Saturday, March 10, 2012

Does Posting Text Qualify as Transliteracy?

Posted on behalf of Jonathan:

After reading Sue Thomas’ post (Thomas, 2012) and watching her video
lecture (Thomas, 2008), I found myself contemplating the concept of
transliteracy amongst young people and giving consideration to the
question she posed at the end of the blog post: “Imagine that you have
been asked to measure the transliteracy levels of students and
teachers at your school. How would you do this?” (Thomas, 2012).
Immediately, I thought about the young people that I taught when I was
an active classroom teacher, just over four years ago. I felt that so
many of those young people were quite adept at using a number of
tools, but yet the default mode for expressing ideas seemed to be
text. Whether it was using email, posting to facebook or sending an
SMS message – the dominant mode for expression was text regardless of
the medium used.

Brian Hulsey’s video (Hulsey, 2010) also raises the question of mode
versus medium (if I may use those terms to describe these ideas). In
all but one of the instances being described by Hulsey, the dominant
mode for expression is text (or at best hypertext). He demonstrates
his concept of transliteracy by discussing the sharing of a blueberry
smoothie recipe and shows how it can be sent by email, posted to
Twitter, shared on Facebook and written on a sticky note. The only
time he illustrates the use of another mode besides text, is when he
discusses using the telephone to tell his grandparents about the

So the question for discussion is this: is transliteracy accurately
described by using multiple tools to express oneself using a single
modality or does transliteracy also indicate a use of multiple modes –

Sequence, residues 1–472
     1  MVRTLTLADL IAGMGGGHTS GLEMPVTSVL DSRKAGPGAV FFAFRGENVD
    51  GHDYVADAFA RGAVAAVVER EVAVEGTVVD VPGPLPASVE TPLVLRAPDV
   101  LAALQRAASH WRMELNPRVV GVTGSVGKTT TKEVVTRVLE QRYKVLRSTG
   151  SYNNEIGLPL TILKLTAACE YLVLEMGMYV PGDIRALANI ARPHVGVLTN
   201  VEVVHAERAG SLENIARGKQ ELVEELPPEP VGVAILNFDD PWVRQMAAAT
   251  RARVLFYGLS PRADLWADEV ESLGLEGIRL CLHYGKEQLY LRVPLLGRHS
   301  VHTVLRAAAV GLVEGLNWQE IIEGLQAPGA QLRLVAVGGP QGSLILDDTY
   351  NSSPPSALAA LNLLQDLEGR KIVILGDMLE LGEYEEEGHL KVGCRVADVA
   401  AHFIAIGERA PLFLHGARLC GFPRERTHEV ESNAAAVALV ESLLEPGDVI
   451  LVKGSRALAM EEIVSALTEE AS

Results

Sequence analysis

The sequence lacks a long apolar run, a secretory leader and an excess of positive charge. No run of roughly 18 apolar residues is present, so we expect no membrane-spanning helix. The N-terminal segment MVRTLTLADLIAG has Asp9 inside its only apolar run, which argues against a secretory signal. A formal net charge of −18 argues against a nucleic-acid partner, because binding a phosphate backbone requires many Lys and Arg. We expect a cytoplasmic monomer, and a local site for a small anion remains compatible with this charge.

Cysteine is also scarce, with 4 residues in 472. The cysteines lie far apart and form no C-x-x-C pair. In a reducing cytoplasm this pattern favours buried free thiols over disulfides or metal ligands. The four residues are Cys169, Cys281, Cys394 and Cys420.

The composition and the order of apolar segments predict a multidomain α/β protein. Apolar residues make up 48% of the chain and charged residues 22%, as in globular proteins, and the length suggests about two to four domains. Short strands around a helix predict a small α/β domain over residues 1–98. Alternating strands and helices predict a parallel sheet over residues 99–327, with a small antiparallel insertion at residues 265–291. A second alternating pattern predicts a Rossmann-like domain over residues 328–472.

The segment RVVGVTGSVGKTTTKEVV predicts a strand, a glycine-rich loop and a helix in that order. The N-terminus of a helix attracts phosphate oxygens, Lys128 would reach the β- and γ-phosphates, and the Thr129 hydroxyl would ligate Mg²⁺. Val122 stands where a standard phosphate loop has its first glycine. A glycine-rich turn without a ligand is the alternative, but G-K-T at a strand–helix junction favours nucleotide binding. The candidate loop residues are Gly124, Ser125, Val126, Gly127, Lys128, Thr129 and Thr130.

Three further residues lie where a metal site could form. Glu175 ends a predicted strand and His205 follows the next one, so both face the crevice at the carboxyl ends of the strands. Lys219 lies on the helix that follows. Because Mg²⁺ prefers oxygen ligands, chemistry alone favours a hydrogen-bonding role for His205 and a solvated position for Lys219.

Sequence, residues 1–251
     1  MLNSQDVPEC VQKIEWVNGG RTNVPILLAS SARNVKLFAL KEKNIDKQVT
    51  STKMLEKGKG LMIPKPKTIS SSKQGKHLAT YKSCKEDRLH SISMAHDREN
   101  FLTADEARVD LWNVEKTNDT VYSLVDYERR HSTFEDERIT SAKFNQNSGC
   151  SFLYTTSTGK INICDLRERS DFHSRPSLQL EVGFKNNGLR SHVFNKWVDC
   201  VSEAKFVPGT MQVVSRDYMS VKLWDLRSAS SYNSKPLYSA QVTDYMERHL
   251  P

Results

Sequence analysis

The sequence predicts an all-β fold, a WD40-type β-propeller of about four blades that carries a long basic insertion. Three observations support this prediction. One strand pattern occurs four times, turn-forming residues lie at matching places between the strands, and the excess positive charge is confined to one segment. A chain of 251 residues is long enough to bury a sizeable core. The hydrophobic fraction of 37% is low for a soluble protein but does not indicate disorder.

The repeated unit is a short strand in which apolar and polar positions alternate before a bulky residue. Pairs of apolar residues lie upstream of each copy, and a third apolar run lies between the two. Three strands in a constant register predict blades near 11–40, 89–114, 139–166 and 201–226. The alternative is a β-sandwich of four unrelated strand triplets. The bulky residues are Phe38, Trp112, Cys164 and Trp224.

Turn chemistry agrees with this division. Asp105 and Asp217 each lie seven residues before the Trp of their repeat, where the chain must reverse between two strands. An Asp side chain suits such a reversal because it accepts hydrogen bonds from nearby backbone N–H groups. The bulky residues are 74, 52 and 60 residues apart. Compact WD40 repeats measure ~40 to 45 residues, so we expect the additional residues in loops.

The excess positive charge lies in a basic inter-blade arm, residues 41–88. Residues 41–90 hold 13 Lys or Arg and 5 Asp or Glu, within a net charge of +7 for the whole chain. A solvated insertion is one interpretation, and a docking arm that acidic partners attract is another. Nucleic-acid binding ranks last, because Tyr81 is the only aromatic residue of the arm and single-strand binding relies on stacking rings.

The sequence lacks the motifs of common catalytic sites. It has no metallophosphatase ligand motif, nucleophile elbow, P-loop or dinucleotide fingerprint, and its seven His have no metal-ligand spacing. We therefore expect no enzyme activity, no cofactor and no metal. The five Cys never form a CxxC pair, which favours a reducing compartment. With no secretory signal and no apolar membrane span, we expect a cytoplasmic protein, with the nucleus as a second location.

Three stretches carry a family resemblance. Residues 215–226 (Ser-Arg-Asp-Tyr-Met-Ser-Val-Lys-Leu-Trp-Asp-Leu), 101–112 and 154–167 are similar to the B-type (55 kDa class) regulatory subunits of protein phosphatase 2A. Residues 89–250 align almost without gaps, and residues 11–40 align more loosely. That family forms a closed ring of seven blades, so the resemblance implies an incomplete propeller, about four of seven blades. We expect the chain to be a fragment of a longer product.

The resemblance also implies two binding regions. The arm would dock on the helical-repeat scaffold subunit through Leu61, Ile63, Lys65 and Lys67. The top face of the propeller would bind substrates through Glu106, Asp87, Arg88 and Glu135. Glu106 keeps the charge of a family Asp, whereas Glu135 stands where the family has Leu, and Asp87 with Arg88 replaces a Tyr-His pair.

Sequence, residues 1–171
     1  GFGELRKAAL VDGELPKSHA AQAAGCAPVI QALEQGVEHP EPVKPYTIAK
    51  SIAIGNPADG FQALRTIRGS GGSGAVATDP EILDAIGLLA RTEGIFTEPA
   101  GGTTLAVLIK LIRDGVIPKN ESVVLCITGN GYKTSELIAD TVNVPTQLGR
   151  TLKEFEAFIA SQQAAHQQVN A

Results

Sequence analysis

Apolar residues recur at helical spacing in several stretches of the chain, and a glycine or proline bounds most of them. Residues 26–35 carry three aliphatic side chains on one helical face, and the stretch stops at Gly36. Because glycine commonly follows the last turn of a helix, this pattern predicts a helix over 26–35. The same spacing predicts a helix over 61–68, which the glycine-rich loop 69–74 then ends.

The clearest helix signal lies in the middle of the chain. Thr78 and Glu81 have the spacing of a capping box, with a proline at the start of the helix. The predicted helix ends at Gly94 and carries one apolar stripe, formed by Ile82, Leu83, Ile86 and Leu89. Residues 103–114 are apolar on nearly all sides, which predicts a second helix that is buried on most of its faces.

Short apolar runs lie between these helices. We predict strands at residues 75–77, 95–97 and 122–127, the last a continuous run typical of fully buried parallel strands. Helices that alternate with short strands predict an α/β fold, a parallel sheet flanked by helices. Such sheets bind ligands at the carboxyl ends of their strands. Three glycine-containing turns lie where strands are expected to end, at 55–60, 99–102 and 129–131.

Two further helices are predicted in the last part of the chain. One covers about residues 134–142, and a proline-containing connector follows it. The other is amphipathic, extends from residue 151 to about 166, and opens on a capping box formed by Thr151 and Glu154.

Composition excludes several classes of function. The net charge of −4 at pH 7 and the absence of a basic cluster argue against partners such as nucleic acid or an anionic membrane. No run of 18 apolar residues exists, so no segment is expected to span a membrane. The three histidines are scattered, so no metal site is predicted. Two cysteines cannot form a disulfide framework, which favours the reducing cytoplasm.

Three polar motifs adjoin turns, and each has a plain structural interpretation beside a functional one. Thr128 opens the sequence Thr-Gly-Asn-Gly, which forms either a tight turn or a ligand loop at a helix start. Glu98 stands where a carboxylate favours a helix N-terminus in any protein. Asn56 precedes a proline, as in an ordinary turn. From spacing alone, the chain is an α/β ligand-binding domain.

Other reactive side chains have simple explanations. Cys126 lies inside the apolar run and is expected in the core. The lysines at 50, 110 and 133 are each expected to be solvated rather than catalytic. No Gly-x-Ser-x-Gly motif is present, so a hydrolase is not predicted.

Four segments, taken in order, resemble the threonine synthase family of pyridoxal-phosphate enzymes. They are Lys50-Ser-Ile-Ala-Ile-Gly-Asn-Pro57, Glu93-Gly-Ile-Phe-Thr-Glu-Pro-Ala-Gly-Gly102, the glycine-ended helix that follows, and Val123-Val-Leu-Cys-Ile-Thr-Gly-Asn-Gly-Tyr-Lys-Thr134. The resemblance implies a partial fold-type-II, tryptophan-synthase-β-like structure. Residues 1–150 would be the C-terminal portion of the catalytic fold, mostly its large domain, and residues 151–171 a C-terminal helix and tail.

text, speech, music, film, dance, drama, etc. Based on Thomas’
definition it would. She says, “transliteracy is the ability to read,
write and interact across a range of platforms, tools and media from
signing and orality through handwriting, print, TV, radio and film, to
digital social networks” (Thomas etal, 2007).

An important measure for determining the transliteracy level of
students in a school setting then must include their amount of
exposure to arts education. Students would need to be able to express
themselves using pictures, film, theatre and music as well as text in
order to be truly transliterate, otherwise they are simply using text
with different tools. As a math teacher, I would also say that
students should be well versed in communicating using numbers,
symbolic logic, charts and graphs. All of this speaks to a public
education system that emphasizes a variety of literacies and includes
a strong emphasis on not just English language arts and mathematics,
but also art, music, dance and drama.

1 comment:

  1. I would agree Jonathan that Sue Thomas appears to include all of those areas in her definition of transliteracy. I got the sense it was a very broad definition - even signing for the deaf is a form of literacy, as I noted in my posting.

    I would include the need to be media savvy if we are to be truly transliterate. Literate implies an ability or capability of understanding and I would include in that an ability to judge and assess the value and validity of messages that are transmitted via these various tools and platforms.

    I know there are courses in our schools that teach our students to be informed consumers (something no one thought to teach my generation). The need to enhance these lessons in media transliteracy is going to be so important for our youth. The rate at which the messages will come at them, and the variety of sources they may need to manage, are only going to increase.